The book is an excellent resource for two kinds of people.
Many people scan technical books looking for little scripts and thingies; a few lines changed and BOOM! They have the program they always wanted. Sean provides those in abundance.
It is also a good resource for a complete novice to learn about the hodgepodge of technologies we call the web - the ... wire protocol, markup languages, tree-based parsers, and encodings, to name just a few. The author is an expert in all of these, but has restrained himself to provide just enough information to get a programmer going. I was impressed time and again with how he manages to give the reader exactly enough knowledge to get their tasks done, with short but accurate explanations and pointers on where to learn more.
Best of all, this is a funny technical book. Usually if a technical book has pretensions to humor, it jabs you in the arm repeatedly with lots of groaner puns and dumb cartoons, in order to fill the space between bland code sections. But Sean has sprinkled the *code sections* with his dada sense of humor, which also highlights the difference between mere placeholder data and the concept being illustrated. And then the text gets right back to the point.
This is a slim work (242 pages, no thicker than my thumb) but packs a lot of value for your money. So buy it already.
My only criticism is that it is exclusively focused on consuming services on the web - like downloading TV listings and so on. But you can use everything Sean talks about to also *publish* information; for instance, making some nifty Perl-based thing to update your online journal from MS Word or something. Or to aggregate information that's out there, and feed it back onto the web. Nevertheless, if you've got half a brain it will be obvious how to do this stuff once you've absorbed everything you'll get from this book.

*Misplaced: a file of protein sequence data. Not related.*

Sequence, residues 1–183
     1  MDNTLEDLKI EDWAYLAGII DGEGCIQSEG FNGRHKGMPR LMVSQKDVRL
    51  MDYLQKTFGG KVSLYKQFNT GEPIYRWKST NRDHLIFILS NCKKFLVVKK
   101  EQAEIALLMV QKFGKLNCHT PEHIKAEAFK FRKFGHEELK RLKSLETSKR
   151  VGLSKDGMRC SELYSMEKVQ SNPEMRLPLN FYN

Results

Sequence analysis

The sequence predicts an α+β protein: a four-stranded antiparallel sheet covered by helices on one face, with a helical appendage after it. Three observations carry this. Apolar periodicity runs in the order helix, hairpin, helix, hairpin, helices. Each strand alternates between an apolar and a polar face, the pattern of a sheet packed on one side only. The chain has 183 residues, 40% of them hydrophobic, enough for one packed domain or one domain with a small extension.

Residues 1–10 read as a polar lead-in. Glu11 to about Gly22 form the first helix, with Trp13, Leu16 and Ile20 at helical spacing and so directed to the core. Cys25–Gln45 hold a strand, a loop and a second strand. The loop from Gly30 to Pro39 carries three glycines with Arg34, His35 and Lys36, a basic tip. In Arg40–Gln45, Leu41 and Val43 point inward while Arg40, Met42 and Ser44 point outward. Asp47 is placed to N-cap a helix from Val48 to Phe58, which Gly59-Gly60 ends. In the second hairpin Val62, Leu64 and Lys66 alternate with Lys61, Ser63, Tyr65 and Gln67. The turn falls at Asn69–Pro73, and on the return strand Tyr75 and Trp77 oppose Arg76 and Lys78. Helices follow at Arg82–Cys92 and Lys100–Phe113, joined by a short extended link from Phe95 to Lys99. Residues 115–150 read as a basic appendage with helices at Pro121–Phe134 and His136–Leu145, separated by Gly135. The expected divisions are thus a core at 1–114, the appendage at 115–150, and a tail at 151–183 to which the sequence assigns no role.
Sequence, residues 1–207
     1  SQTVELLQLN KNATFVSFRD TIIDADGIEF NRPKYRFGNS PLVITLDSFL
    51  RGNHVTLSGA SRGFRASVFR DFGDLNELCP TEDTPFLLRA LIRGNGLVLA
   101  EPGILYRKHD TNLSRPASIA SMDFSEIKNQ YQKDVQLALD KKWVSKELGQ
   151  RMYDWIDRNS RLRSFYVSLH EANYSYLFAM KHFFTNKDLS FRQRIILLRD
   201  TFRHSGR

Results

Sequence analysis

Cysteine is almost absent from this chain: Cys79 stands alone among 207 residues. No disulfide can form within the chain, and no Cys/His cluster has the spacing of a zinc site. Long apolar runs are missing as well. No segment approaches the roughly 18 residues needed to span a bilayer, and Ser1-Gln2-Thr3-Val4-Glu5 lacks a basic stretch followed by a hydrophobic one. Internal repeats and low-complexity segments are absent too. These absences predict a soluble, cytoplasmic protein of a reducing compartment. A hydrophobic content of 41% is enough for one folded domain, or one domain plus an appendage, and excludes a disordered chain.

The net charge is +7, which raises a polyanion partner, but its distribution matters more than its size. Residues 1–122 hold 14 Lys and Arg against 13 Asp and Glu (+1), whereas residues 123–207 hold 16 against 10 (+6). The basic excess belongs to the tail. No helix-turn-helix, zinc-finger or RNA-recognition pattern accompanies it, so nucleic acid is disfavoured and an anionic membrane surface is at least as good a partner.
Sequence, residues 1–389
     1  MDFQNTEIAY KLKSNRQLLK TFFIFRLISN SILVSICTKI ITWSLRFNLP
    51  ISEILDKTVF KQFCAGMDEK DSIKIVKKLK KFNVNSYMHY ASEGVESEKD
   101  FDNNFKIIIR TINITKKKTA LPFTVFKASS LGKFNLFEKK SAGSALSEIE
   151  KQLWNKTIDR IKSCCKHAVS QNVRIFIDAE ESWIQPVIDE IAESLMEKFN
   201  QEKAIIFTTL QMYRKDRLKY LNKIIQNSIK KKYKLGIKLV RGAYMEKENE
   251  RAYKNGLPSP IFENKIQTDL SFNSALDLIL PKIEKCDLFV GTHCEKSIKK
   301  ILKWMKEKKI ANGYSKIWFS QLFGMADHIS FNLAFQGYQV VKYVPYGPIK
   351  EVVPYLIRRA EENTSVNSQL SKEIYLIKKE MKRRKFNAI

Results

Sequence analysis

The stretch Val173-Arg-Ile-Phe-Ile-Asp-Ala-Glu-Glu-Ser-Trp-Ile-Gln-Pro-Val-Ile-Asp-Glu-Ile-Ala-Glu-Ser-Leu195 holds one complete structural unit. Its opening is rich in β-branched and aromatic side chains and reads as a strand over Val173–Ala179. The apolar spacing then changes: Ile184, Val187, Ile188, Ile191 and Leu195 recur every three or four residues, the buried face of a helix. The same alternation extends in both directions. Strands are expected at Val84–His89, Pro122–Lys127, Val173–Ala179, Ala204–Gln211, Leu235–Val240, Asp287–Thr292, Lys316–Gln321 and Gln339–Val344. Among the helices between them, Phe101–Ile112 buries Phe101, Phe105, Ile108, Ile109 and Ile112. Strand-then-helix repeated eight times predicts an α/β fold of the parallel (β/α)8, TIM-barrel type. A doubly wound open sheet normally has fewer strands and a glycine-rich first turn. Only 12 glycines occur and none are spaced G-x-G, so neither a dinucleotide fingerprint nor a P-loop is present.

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on February 24, 2011
I needed to use LWP to interact with various web APIs; 'Perl & LWP' turned out to be exactly what I was looking for. Although it's dated, the book contains a wealth of information about the module and working with HTTP in Perl.

It is worth noting that in 2007, the book's author, Sean Burke, published the text of the book on his personal website at [...]. If you're thinking of purchasing the Kindle edition of this book (like I ended up doing), you may be better off using his site. Clearly, if you want a physical copy of the book Amazon is still a great way to go.
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on July 13, 2007
This is not your typical clunker with endless pages of filler material. It gets right to the point. If you want to learn about using Perl to interact with the internet, this would be a good book to help you get there. I have purchased several Perl books that supposedly teach you how to write code for use with the internet, but they are difficult to understand, and most of the examples just don't work. This book is an exception to that trend. It is the only one I have found so far that has useable, workable examples. The subject matter is still challenging, but Burke is able to explain it enough to give you a clue. If you are looking for help in handling HTTP programmatically, then here is your book.
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on August 18, 2006
I bought this book to get information automatically on japanese stocks(for example, charts, price, volume, PER, PBR, ROE, ROA, News, messages on Yahoo! Japan BBS for stocks) from the WEB every day.

Somehow this book has not yet translated into Japanese language.

I think this book would sell very well if translated into Japanese. Many demands.

This book is self-contained about the WEB, so you need little Perl programming rules and don't have to have knowledge on the Internet Protocols(HTTP) at all.

In most cases, all you need to do is to modify an example program on this book for your use very little.